Overall, the report offers FDA a blueprint for developing a risk-based model. It also outlines several organizational steps the agency should take to improve the efficiency of its many food safety activities, such as increasing coordination with state and other federal agencies that share responsibility for protecting the nation’s food supply. In addition, the report says Congress should consider amending the Federal Food, Drug, and Cosmetic Act to explicitly provide the authority FDA needs to fulfill its food safety mission.

“As recent illnesses traced to produce underscore, foodborne diseases cause significant suffering, so it’s imperative that our food safety system functions effectively at all levels,” says committee chair Robert Wallace, professor, College of Public Health, University of Iowa, Iowa City. He says FDA uses some risk assessment and management tactics, but that is often reactive and lacks a systematic focus on prevention.

Photo of Mimy Wang May 2010
Graduation 2010--Resource Economics Department in the Isenberg School of Management! Mimy Wang and 100 Fellow Degree Candidates Celebrate.

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Photo of John Stranlund May 2010
Professor John Stranlund was recognized with the Dean's Research Excellence Award for 2009-2010 from the Isenberg School of Management at a ceremony on May 18, 2010. Congratulations John!

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Dr. Stranlund’s research focuses in two areas:

The theoretical design and experimental evaluation of environmental policies: Dr. Stranlund’s interest is in how to enforce the latest generation of price-based environmental policies. These policies focus on controlling pollution through imposing a price on emissions from sources of pollution (i.e., an emissions tax) or by creating a market for pollution rights where the price to release pollution into the environment emerges through emissions trading. These policies tend to be efficient alternatives to traditional methods of controlling pollution that frequently dictated the use of particular types of control technology (command and control), and so are at the center of debates about how to control greenhouse gas emissions. However, no policy can control pollution efficiently if is not enforced well.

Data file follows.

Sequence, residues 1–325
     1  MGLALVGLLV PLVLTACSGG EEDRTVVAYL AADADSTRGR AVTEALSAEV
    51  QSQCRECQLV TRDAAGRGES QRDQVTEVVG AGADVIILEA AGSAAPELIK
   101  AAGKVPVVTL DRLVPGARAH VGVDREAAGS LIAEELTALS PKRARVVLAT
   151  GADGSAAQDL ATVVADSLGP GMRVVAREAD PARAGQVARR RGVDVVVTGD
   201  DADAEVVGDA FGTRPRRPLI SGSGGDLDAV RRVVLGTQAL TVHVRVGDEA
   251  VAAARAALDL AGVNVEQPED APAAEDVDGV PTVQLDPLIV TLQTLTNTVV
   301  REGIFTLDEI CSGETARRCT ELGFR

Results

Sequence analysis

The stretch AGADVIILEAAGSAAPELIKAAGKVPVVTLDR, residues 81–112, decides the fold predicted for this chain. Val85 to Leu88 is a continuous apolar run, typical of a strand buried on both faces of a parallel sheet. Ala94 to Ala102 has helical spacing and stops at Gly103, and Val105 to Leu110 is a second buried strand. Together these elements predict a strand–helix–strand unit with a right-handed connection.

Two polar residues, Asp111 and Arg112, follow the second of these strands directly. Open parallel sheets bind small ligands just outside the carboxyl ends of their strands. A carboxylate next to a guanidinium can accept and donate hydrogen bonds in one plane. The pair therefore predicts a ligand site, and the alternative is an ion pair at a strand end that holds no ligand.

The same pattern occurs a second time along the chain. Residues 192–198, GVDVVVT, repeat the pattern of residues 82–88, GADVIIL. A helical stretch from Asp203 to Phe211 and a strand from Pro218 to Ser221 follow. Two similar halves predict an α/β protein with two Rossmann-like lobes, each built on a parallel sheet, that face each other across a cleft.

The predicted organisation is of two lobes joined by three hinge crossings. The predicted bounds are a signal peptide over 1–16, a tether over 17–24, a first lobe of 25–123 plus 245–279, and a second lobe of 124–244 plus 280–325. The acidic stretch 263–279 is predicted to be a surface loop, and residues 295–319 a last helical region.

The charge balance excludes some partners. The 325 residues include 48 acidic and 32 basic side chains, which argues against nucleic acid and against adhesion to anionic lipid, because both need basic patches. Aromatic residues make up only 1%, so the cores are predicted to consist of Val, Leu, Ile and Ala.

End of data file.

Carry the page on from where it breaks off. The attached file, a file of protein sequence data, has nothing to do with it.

In 2009, Dr. Stranlund published five journal articles and one book chapter in the area of environmental policy design. For example, in a key article published in the Journal of Environmental Economics and Management, John and his co-authors show that the common policy recommendation that pollutants like greenhouse gases be controlled with a single emissions price is not generally efficient when the costs of enforcing pollution prices are taken into account. It is only when regulators have very poor information about individual sources of pollution that a single price can be justified. For the last half-dozen years, Dr. Stranlund has complemented his theoretical work in policy design with economic laboratory experiments to test the theories. Much of his current work in progress concerns the experimental evaluation of enforcement and compliance issues in dynamic emission trading policies. This work is supported by a $1 million grant from the U.S. Environmental Protection Agency.